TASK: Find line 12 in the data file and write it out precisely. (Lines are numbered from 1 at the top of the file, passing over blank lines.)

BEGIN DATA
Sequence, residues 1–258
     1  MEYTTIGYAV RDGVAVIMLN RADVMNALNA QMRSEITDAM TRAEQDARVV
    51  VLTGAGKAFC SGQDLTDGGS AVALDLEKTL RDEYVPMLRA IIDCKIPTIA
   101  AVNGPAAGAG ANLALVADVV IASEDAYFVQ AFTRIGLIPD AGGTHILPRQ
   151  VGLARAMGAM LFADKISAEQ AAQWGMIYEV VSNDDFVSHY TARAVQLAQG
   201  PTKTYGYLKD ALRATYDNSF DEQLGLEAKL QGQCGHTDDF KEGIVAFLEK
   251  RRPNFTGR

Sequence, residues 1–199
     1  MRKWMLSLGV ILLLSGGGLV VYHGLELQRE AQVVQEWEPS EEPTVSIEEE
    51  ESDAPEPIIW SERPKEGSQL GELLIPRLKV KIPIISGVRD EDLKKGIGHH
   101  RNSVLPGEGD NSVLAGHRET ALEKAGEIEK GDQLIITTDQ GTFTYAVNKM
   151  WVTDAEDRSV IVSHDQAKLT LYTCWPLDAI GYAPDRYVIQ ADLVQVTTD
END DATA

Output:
   151  WVTDAEDRSV IVSHDQAKLT LYTCWPLDAI GYAPDRYVIQ ADLVQVTTD